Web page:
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When Is the Best Time to Eat?

Around this time of year, much of the world is advancing their clocks by one hour to make efficient use of seasonal daylight. Americans switched to Daylight Savings Time last week, and this week Europeans will revert to Summer Time.

When this happens, we all “lose” an hour of sleep, because we have to get up and get things done an hour earlier than we have been. This is in relation not just to the light and dark cycles of the day, but also to our body clocks.

One hour sounds like a small change, but it can make a big difference in how we function, at least in the short term. For example, data from the past two decades shows that there is a statistically significant spike in the number of car wrecks on the Monday immediately following the shift to Daylight Savings Time in the US.

As we all adjust to the time change, it’s worthwhile to consider how other aspects of our lives can sway our circadian rhythms. Circadian clocks govern the rhythms of sleep and activity in virtually all animals and are responsive to a variety of stimuli like light and stress. Research is starting to suggest that our eating patterns – specifically when we eat – can also have a pervasive impact.


Introducing the humanOS Radio Podcast with Guest, Professor Matt Buman

I am very happy to announce our new podcast, humanOS Radio. The aim is interview three categories of people: 1) Researchers whose work informs us about some aspect of how we live, 2) Entrepreneurs who are translating science into solutions, and 3) Investors making bets to predict (and support) the major future influencers on health. The format will be flexible, but most shows will around 30 minutes or less. I think the best way to get a sense of what humanOS will deliver is to listen to an episode or two. Without further ado, please find my conversation with Matt Buman, PhD., who is an Assistant Professor in the School of Nutrition and Health Promotion at Arizona State University.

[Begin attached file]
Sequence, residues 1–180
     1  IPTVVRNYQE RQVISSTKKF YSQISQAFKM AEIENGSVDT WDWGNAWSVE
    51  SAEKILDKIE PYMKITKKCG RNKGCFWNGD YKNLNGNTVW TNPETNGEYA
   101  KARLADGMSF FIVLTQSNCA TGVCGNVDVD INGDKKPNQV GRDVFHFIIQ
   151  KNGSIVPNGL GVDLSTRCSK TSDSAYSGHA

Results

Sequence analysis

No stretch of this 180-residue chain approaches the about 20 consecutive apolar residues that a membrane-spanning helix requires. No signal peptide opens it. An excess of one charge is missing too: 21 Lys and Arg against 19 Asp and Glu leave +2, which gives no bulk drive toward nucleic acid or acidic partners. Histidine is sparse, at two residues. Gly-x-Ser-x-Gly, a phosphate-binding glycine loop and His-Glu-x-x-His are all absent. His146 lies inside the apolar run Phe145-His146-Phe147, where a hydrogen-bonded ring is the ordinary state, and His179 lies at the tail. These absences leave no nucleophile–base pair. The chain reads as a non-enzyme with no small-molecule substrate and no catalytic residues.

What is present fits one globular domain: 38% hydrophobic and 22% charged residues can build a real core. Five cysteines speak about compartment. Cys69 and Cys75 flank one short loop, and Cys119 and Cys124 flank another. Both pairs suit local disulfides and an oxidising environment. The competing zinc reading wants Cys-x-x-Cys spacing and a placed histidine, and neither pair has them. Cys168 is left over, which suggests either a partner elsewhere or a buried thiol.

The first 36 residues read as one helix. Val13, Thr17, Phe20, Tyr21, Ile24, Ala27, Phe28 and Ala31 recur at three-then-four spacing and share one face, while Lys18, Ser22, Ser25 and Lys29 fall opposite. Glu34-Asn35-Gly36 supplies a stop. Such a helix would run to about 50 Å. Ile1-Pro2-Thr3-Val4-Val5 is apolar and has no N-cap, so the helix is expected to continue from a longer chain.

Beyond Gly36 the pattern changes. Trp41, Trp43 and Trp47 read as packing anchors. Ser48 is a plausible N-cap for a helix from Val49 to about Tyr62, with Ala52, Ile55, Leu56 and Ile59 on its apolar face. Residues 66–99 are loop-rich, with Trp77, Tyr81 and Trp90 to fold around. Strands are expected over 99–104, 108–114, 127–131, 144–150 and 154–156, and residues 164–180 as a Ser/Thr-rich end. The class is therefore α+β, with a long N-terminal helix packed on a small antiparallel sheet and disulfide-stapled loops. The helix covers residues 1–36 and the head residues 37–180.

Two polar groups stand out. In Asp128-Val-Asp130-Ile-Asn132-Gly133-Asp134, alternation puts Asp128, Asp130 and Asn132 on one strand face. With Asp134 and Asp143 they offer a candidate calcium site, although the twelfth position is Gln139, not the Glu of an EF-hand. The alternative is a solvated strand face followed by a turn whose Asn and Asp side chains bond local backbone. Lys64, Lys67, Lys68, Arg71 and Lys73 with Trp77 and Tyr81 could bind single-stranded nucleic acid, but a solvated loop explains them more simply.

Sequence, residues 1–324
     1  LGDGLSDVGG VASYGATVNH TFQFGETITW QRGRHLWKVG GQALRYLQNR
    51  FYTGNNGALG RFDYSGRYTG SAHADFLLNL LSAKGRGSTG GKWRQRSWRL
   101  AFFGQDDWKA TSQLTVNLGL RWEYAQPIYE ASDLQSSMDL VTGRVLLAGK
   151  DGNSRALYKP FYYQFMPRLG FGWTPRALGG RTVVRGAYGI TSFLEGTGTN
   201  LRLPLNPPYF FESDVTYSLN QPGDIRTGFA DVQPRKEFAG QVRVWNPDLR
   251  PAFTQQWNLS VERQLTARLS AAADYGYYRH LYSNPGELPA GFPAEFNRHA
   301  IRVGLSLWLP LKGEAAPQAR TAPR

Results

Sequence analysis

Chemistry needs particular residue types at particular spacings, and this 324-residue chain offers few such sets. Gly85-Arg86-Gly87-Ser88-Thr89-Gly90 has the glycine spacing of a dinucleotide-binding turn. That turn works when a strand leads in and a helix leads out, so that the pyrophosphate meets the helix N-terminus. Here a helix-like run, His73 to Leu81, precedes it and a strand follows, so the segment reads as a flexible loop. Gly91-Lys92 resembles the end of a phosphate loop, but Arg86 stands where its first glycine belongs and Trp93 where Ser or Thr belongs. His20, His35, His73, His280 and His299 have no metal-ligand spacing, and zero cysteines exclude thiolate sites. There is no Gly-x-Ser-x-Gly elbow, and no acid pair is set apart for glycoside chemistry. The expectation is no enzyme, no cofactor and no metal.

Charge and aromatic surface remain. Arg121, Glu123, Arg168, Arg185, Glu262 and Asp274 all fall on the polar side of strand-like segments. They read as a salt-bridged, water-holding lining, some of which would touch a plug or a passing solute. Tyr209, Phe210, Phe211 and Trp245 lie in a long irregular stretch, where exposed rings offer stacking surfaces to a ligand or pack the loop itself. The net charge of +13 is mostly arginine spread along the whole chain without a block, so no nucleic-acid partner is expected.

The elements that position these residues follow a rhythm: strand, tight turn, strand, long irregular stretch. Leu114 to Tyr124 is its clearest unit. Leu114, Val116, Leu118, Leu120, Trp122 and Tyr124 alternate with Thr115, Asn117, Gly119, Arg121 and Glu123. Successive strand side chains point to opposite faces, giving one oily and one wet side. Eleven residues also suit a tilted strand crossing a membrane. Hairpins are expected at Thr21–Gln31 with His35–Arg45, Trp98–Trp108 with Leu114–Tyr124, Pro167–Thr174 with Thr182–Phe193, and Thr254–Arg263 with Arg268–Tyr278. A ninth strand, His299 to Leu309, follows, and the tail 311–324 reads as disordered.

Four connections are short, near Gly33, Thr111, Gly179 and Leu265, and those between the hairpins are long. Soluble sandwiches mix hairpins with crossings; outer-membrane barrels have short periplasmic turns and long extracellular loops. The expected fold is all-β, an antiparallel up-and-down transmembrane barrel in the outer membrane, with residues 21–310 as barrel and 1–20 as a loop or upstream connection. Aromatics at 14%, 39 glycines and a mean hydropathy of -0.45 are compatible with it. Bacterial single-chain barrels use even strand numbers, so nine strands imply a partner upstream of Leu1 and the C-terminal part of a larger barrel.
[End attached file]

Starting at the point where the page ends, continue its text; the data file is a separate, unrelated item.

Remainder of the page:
How Exercise Helps You Learn

In this series of articles, we look at the effects of exercise on the brain, including how it helps us maximize our capacity to learn. In the previous post, we saw how moderate-intensity exercise helps enhance cognition by increasing brain blood flow. However, this effect works in the short term, as long as we continue to maintain the right exercise-intensity level: Not intense enough and we don’t augment blood flow to the brain; too intense and blood flow returns to baseline flow levels all while the demands of exercise require us to increasingly focus on the exercise itself (not the problem you’re trying to solve in your head).